5. In a 2012 survey of Tour pros, Harbour Town ranked as the second-best course on Tour, behind only Augusta National, and ahead of both Riviera and Pebble Beach, among many others. Is it really THAT good? How does it stack up with Pete Dye's other trophy tracks, such as the Ocean Course at Kiawah, Whistling Straits and TPC Sawgrass as a proper test for the pros?
Bamberger: Is this question serious? Harbour Town is so much better than any of those courses it's a joke. The Tour players overrate Harbour Town, maybe, but it shows how much they appreciate golf's finer points, and wish they had more chance to show off their skill at them.
Van Sickle: Harbour Town is a landmark course because it changed golf course design, for better or for worse. The Ocean Course is one of Pete's worst. He built a course you can play only through the air in a location where it's often so windy you need to play it on the ground. That makes no sense. Whistling Straights is a masterpiece of finger-painting because every little ridge and mound and bunker was created. It was dead-flat farmland before. From that viewpoint, it may be his best because he started with nothing. TPC Sawgrass is iconic, which is amazing again because he started with nothing. It was a swamp. I like the way Harbour Town makes superior use of all its trees. That's great design. I'd say yes, it really is that good.
Passov: I get why the pros generally love it. Flat fairways don't cause much trouble and the rare chance to get to work the ball around the tree branches is fun for these guys. Plus, the flattish greens, usually kept at manageable speeds, flatter the flatsticks, because there's almost no fear of looking foolish on a putt. Harbour Town is so old-fashioned, it hardly feels at all like Dye's more oversized efforts, and you'd never believe that Jack Nicklaus consulted, given the way most Nicklaus courses turned out. For me, it doesn't have the inherent hole-by-hole muscle or drama that you like to see at majors, but as nearly a one-off on Tour, it's pretty cool.
Morfit: Harbour Town is good because it holds up despite not being super brawny and long, and that brings a lot of really good non-bombers like Brian Gay into the mix. It's also a beautiful place to hang out, more so than those other Dye tracks.
Godich: Harbour Town is proof that a course needn't be 7,500 yards to be Tour-worthy. It is nice to see. I know the wind was up, but winning score in relation to par was the same as it was at the Masters. That ought to tell us how good Harbour Town is.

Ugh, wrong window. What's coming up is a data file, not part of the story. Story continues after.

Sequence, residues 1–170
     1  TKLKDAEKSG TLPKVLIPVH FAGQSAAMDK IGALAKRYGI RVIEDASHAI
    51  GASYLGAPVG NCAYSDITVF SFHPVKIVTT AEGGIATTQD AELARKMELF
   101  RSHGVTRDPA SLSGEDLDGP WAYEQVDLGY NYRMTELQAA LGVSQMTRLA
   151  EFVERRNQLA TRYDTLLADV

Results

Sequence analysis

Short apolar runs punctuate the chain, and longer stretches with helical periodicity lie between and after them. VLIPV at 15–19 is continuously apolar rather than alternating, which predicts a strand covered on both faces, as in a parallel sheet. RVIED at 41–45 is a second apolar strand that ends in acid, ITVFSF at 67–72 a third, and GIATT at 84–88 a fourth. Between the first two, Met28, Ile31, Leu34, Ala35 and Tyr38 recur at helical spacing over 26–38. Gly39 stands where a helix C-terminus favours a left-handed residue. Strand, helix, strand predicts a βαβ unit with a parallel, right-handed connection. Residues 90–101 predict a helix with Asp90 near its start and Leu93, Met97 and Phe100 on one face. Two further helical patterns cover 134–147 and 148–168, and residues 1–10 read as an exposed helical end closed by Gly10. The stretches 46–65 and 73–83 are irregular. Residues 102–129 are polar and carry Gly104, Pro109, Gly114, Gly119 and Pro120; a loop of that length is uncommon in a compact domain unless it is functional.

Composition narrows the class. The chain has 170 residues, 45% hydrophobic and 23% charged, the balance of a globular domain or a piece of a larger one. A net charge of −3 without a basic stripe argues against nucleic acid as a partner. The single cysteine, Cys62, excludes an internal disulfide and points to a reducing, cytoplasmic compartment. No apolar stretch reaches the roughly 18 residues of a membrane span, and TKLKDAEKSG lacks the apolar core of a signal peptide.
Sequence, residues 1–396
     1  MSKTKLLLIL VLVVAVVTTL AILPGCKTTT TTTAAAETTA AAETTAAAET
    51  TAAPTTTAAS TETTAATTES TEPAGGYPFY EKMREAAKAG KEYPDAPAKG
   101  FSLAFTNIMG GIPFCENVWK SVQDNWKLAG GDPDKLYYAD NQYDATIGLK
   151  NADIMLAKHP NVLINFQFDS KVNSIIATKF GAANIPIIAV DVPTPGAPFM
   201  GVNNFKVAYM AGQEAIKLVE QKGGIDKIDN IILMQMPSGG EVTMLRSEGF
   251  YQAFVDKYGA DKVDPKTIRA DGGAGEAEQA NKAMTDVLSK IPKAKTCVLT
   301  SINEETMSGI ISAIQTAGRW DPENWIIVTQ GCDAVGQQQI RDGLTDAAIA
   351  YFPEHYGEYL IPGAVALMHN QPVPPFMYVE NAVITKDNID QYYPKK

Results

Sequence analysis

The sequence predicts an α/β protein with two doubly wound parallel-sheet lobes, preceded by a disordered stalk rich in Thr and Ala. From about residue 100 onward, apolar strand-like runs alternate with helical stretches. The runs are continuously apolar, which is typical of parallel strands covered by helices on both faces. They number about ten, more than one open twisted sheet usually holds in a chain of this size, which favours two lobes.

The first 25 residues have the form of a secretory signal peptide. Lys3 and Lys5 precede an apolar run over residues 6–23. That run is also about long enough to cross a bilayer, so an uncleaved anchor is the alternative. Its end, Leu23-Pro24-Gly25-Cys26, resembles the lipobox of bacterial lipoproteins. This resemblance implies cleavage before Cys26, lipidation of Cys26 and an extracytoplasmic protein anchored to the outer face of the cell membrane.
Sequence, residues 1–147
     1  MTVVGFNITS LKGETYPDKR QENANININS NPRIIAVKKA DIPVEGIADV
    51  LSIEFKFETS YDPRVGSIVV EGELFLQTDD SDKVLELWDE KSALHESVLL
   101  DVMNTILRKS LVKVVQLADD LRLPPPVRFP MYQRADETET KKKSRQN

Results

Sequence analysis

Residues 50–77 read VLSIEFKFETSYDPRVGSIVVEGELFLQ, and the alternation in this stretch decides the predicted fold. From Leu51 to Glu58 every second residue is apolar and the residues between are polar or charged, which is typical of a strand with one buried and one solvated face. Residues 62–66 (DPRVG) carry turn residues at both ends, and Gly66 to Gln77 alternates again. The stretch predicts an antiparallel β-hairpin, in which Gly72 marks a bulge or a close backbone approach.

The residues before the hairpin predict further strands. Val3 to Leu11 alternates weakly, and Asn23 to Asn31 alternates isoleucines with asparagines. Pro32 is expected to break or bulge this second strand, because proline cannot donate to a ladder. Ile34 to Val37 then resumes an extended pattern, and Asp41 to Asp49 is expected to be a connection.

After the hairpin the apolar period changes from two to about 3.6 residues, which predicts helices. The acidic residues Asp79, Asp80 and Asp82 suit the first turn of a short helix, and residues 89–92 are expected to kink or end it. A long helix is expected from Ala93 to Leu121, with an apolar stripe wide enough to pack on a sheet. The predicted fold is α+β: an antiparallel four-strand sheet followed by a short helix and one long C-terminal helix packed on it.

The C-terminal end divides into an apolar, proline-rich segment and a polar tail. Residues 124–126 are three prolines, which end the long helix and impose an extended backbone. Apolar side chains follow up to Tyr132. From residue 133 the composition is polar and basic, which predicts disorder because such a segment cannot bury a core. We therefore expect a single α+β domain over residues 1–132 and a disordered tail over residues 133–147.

Reiterman: Harbour Town is always a fun event, but it lacks any memorable holes, except for 18. Kiawah and Whistling Straits weren't much fun to watch, and looked even less fun to play. To me, Sawgrass is the best test. Of course, that's easy for me to say since I'm not a Tour pro!
Lynch: I've never played it, but the key here is remembering who is doing the ranking. People who play for a living have a different criteria for liking courses than the rest of us. They like predictability, a test that values execution over imagination. In that respect a tight, hazard-strewn layout like Harbor Town seems far removed from Riviera but quite in keeping with other Dye courses. By which I mean that a mis-hit shot at Riviera is akin to a car crash with a chance of recovery, whereas usually a poor shot on a Dye design is like a plane crash with no survivors.
6. Broadcaster Pat Summerall passed away this week. His soothing baritone, low-key calls and willingness to tee up the talent that surrounded him made him one of the greats. Who is the best play-by-play announcer in golf today? Who is your favorite of all time?
Morfit: Summerall had such a great voice, it's funny to think he was discovered by accident. Dave Marr was a cool guy, back in the days of ABC Golf. But as far as the main man, Summerall will be hard to beat.
Van Sickle: It's hard to argue with Summerall as the all-time best golf host. Jim Nantz stands out now because the others are clearly a notch or two below him. I think Brian Hammons of Golf Channel is way underrated.
Ritter: Wacky old Peter Alliss is still my all-time favorite, while Summerall was the best from the U.S.
Passov: When Peter Alliss gets play-by-play duties, he's still my favorite. Savage wit, incredible knowledge and perspective. Other than the schmaltz that he's contractually bound to dish out at The Masters, I'll give Jim Nantz the nod. He's such a golf geek and really knows his stuff. For all-time, I'll go with Summerall at the Masters, Alliss the rest of the world.
Reiterman: I know he takes a lot of heat for his schmaltzy style, but there's a reason Jim Nantz can do the Super Bowl, the Final Four and the Masters, he's that good. I just wish he didn't feel the need to cap every tournament with some signature call ("Y.E.S!")
Godich: I like Dan Hicks, perhaps because NBC doesn't do as much golf. His voice is a refreshing change. He also has great chemistry with Johnny Miller. Best of all time? it was hard to beat Summerall and his less-is-more approach. He was the same with in the NFL booth -- authoritative but not overbearing.
Bamberger: I learn the most from Johnny Miller. My favorite of alltime is Gene Sarazen. What charm.
Lynch: All-time: Peter Alliss, whose turn of phrase was unique. Today: Johnny Miller. If the job of an announcer is to offer insight, engagement and entertainment, Miller has no equal. Anyone who nominates Lanny Wadkins here ought to face some form of sanction. Seriously.